Christine Dubois (Susanna Foster) may be in the chorus of the Paris Opera, but she is also the understudy to the star, Biancarolli (Jane Farrar), and has the potential for great things with such a powerful voice. Tonight she is onstage, unaware that in the orchestra pit is Erique Claudin (Claude Rains), a violinist who has noticed what a talent the girl has and wishes he could do something to nurture it. When she doesn't appear for her curtain call thanks to her boyfriend Inspector Raoul D'Aubert (Edgar Barrier) arriving in the wings and delaying her, Erique seeks her out...
But he cannot admit to her how he truly feels, and how he has desires to make Christine a star, in this, the second most famous film version of the Gaston Leroux novel after the Lon Chaney silent version of 1925. Certainly Chaney had made the role his signature one during his too-short life, perhaps ironically as there was no actual opera heard in it thanks to it being crafted without any sound other than what the musicians in the cinema would have played, but most of that was down to his muscular portrayal and naturally that incredible make-up he wore when the mask was finally torn from his features.
Rains had been The Invisible Man, and his work here was not going to overshadow that, but he did give a good account of himself nevertheless as a haunted, psychologically frail Erique in keeping with the villains of the day, not that he was above bumping people off when it suited him. What triggers his change from a meek musician is that he is let go from his job in the orchestra because he is physically not quite up to it anymore, so heading fast into poverty his last resort is to get his concerto published and performed. He thinks he knows the right company for this, and hopes to hear Christine sing it one day, but when he arrives at the offices it's safe to say things go wrong.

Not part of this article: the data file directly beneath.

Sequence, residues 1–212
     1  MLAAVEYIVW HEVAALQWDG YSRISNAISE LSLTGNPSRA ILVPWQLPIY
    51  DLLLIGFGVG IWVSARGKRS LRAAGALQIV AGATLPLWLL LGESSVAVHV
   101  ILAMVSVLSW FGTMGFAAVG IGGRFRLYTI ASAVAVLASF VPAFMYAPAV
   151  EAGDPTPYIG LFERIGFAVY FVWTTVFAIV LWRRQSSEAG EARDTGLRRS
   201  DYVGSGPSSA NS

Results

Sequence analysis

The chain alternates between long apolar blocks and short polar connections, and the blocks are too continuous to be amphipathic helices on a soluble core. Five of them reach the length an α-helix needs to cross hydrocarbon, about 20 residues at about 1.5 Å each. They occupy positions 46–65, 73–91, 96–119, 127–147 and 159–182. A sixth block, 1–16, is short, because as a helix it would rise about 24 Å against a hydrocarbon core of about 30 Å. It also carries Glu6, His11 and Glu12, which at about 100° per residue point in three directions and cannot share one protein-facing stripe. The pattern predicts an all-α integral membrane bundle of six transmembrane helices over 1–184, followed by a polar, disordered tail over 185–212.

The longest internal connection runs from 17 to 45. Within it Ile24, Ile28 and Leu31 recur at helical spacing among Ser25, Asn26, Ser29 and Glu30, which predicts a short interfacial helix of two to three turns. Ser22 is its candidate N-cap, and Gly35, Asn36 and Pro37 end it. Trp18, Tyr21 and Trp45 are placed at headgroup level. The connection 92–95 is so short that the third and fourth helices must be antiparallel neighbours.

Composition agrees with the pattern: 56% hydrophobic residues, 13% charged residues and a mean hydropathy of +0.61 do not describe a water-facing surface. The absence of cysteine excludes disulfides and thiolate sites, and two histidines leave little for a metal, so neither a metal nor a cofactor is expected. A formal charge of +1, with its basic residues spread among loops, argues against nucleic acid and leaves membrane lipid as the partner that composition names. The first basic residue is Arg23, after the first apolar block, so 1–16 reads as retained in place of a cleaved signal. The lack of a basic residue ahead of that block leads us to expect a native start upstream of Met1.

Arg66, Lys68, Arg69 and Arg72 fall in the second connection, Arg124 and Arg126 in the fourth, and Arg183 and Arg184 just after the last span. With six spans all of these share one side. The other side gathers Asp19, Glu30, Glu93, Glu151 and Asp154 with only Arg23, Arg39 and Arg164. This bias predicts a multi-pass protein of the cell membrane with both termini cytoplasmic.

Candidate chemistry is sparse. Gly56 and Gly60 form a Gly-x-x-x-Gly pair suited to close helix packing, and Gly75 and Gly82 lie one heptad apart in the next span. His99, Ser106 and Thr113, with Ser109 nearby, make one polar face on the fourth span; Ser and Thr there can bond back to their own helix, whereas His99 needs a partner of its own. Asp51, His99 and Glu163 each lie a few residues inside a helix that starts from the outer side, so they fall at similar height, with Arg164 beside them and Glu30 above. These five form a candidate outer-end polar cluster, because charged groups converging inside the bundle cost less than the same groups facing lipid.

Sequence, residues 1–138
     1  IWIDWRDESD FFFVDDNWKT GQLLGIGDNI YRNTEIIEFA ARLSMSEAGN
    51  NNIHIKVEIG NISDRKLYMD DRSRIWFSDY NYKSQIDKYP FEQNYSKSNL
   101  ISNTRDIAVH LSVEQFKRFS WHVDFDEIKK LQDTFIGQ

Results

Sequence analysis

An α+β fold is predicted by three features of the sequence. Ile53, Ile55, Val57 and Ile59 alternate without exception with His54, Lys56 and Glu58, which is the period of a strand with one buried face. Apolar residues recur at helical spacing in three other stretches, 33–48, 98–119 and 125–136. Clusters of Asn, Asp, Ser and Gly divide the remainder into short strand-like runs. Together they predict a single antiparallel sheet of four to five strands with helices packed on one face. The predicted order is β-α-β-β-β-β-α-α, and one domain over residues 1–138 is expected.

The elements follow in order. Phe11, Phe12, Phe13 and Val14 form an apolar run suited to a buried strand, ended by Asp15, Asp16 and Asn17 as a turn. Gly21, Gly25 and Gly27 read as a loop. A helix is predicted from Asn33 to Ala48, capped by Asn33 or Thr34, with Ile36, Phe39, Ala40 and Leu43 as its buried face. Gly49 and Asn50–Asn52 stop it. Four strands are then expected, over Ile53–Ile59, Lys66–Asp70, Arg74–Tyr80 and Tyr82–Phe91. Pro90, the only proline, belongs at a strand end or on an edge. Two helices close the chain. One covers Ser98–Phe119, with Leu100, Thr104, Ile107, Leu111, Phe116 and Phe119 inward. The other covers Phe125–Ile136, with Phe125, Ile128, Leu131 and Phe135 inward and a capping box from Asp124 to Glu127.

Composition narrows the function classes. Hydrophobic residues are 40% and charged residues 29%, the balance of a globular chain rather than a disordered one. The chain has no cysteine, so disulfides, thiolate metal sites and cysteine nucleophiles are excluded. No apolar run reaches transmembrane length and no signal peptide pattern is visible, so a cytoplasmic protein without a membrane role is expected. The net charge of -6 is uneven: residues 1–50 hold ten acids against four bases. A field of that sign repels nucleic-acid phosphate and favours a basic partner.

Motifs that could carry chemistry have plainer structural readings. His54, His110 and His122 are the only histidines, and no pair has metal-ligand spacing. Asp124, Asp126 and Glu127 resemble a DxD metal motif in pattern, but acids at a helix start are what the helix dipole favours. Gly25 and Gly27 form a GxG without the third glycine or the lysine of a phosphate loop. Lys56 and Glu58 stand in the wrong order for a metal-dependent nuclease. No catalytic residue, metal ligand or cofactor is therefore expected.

Hearing the concerto played in the next room, strangling the publisher to death and having acid (from the man's etchings!) thrown in his face by the lady friend of the deceased will do that, and soon, as if you didn't know, Erique is living secretly in the bowels of the Paris Opera House, sporting a mask and a cloak for maximum sinister effect. Meanwhile, there are signs the filmmakers were not especially interested in the horror angle, seeing as how Rains was sidelined for much of the time so that Foster could impress us with her trilling. And vocally she was indeed impressive, suggesting the studio's decision to offer her the rising star treatment was a wise one, though unfortunately it was not sustained, as Foster dropped out of the limelight fairly quickly and suffered a rather sad life subsequently.
At least we had Phantom of the Opera to preserve her at her peak, and starring alongside her idol Nelson Eddy as her other suitor Anatole Garron, a leading man on the stage and getting to show off his pipes as much as Foster was. This was really the version to watch if you liked opera better than thrills - The Opera of the Opera might have been a better title - though given Universal didn't have the rights to anything that was celebrated you may be let down by the material even if the vocal performances were very fine. There was also room for a spot of comedy of a slightly buffoonish sort which indicated nobody was very sure what kind of movie they were making here: there were some good sequences, Rains was appropriately phantomlike even before he donned the disguise, Foster was luminously charming, the design was lavish and colourful, but there was a stately air to the movie which let down suspense as for a chiller it was altogether too tastefully conceived.